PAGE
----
Book Image

Flutter Cookbook

By : Simone Alessandria, Brian Kayfitz
4 (1)
Book Image

Flutter Cookbook

4 (1)
By: Simone Alessandria, Brian Kayfitz

Overview of this book

“Anyone interested in developing Flutter applications for Android or iOS should have a copy of this book on their desk.” – Amazon 5* Review Lauded as the ‘Flutter bible’ for new and experienced mobile app developers, this recipe-based guide will teach you the best practices for robust app development, as well as how to solve cross-platform development issues. From setting up and customizing your development environment to error handling and debugging, The Flutter Cookbook covers the how-tos as well as the principles behind them. As you progress, the recipes in this book will get you up to speed with the main tasks involved in app development, such as user interface and user experience (UI/UX) design, API design, and creating animations. Later chapters will focus on routing, retrieving data from web services, and persisting data locally. A dedicated section also covers Firebase and its machine learning capabilities. The last chapter is specifically designed to help you create apps for the web and desktop (Windows, Mac, and Linux). Throughout the book, you’ll also find recipes that cover the most important features needed to build a cross-platform application, along with insights into running a single codebase on different platforms. By the end of this Flutter book, you’ll be writing and delivering fully functional apps with confidence.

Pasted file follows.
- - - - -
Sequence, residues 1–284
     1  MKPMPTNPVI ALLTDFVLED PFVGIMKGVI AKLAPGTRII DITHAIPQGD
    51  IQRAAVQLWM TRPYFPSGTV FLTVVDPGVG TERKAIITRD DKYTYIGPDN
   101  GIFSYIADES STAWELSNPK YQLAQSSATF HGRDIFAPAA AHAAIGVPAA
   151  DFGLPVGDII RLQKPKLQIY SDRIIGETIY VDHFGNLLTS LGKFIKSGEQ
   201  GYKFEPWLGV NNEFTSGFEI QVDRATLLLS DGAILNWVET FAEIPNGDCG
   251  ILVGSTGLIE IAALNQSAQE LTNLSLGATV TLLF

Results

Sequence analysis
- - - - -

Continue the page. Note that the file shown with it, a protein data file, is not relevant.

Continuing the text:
Table of Contents (17 chapters)
About Packt

Creating classes and using the class constructor shorthand

Classes in Dart are not dramatically different from what you would find in other object-oriented programming (OOP) languages. The main differences have more to do with what is missing rather than what has been added. Dart can fully support most OOP paradigms, but it can also do so without a large number of keywords. Here are a few examples of some common keywords that are generally associated with OOP that are not available in Dart:

  • private
  • protected
  • public
  • struct
  • interface
  • protocol

It may take a while to let go of using these, especially for longtime adherents of OOP, but you don't need any of these keywords and you can still write type-safe encapsulated, object-oriented code.

In this recipe, we're going to define a class hierarchy around formal and informal names.